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Communication & Prognosis After TBI Task Force



The mission of the Communication & Prognosis After TBI Task Force is to develop projects and products that further the understanding of factors that influence long-term outcomes after TBI and how those factors are communicated to those who have sustained TBI and their families. The task force strives to contribute to the process of knowledge translation associated with prognosis in a way that helps professionals meet the needs of patients and families in understanding the long-term impact of TBI.



Chari HirshsonChari I. Hirshson, PhD
Clinical Psychologist
Northern Westchester Hospital, Northwell Health System
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Devon ParrottDevan Parrott, PhD
Director and Biostatistician
Research, Training, and Outcome Center (RTOC) for Brain Injury
Rehabilitation Hospital of Indiana
Adjunct Assistant Professor, Physical Medicine and Rehabilitation
Indiana University School of Medicine

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  • Initiate and complete a pilot study of survey of Emergency Departments. The purpose of this project is to better understand the information being disseminated regarding concussion and traumatic brain injury at different EDs across the country. We were interested in determining whether staff in emergency departments are:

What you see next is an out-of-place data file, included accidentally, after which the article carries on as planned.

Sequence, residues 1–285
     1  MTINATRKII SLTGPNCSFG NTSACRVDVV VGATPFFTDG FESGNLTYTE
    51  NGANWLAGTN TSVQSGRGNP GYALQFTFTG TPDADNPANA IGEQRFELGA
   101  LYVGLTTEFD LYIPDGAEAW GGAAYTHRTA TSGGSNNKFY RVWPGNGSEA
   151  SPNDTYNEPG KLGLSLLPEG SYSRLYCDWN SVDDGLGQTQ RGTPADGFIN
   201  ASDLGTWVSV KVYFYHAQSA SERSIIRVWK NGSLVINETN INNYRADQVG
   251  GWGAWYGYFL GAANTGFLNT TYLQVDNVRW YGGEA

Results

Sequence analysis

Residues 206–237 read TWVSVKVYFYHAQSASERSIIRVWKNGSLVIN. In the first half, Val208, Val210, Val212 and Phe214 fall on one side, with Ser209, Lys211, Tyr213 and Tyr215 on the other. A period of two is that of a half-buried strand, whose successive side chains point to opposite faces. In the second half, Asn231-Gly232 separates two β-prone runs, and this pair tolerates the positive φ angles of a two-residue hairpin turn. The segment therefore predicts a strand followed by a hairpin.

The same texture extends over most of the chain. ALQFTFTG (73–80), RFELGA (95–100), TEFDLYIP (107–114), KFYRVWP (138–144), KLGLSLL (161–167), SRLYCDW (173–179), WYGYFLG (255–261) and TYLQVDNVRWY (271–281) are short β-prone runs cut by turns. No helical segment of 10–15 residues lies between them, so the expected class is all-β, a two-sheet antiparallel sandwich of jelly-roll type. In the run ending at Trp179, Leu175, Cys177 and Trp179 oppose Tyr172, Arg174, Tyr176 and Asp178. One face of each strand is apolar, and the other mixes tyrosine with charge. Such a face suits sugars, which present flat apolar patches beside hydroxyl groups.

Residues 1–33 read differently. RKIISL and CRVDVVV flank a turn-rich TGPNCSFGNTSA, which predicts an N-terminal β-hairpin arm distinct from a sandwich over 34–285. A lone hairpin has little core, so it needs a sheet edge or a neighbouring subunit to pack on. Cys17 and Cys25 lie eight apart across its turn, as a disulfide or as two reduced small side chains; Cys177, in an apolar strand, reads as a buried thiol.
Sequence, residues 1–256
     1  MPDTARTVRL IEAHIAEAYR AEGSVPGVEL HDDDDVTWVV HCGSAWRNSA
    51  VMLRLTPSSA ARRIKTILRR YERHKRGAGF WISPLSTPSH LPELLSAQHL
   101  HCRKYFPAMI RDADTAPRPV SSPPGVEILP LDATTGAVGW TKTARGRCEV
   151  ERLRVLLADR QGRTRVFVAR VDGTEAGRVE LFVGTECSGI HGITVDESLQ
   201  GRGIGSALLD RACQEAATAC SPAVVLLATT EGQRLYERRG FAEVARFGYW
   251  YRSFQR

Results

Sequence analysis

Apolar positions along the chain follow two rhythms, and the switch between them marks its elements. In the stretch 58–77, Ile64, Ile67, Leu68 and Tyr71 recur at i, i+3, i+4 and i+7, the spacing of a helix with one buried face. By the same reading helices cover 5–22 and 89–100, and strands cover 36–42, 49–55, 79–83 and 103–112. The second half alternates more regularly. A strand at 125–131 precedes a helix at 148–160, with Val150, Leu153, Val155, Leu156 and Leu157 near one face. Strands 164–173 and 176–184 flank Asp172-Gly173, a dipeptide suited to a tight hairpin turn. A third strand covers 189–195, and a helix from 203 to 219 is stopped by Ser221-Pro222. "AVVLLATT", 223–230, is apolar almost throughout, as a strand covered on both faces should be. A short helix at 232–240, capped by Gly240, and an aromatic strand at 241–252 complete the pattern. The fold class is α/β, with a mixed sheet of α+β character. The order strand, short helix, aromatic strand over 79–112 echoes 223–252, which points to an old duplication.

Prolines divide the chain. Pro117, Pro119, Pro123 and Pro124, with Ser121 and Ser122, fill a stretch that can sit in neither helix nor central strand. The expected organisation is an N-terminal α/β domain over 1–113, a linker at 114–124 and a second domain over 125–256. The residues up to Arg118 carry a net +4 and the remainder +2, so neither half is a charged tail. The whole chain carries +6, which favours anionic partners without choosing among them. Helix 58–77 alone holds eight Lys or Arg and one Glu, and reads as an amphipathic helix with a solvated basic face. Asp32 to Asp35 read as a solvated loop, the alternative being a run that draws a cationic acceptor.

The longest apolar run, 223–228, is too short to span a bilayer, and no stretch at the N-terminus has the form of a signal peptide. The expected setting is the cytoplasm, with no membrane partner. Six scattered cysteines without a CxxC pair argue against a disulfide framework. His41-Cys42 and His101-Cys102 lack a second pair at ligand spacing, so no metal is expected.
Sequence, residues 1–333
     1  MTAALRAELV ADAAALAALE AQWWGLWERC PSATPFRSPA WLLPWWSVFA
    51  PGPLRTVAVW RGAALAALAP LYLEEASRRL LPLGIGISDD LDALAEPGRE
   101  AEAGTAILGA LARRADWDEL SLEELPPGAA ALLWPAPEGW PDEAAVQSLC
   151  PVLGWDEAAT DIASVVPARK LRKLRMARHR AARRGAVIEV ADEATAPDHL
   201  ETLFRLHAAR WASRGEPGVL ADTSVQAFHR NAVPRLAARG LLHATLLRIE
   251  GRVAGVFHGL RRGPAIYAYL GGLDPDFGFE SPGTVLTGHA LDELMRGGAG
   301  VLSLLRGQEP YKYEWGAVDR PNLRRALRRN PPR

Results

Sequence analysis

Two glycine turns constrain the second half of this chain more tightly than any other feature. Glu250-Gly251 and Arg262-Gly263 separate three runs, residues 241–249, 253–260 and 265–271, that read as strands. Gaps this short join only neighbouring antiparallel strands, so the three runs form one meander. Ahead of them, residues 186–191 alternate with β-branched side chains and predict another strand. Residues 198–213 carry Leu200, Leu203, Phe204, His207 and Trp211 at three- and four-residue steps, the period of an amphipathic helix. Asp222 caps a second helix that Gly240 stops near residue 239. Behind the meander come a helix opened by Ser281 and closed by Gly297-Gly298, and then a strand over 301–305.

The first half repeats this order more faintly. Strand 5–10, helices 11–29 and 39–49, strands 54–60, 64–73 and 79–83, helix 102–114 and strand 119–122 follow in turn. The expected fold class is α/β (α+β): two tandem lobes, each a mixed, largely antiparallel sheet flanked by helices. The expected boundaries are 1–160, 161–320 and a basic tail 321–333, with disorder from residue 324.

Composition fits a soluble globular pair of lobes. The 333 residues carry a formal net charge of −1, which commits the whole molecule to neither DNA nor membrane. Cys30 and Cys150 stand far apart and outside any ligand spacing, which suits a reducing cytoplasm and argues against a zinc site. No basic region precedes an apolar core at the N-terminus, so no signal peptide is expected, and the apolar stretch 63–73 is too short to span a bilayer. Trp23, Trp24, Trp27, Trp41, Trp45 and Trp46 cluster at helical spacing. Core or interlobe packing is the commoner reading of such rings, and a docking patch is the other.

1. Handing out information/brochures/instructional sheets developed at their hospitals or obtained from other sources, regarding signs symptoms of TBI and what to do if these symptoms are present, or
    2. Distributing the CDC instructions to patients that are available on concussion, or
    3. Simply giving verbal information about concussion and TBI.
  • Further Analysis of the Survey Project – This is a former project which resulted in a publication in the journal Professional Case Management.  The surveys involved perceptions of information and satisfaction with information received regarding brain injury and its consequences. There were two surveys, one for caregivers and one for persons with brain injury. We considered performing confirmatory factor analyses on these surveys to see if we could reduce the length, getting rid of redundant questions, but this would require a minimum of 200 completed surveys: We only had 149 TBI respondents and 117 caregivers. In order to validate the measures, we would need to increase our sample size. Instead, we’re considering how to further explore and analyze the data we’ve collected, by looking more specifically at factors such as longer outpatient care or higher education level as predictors of better perception of information and greater satisfaction with information received.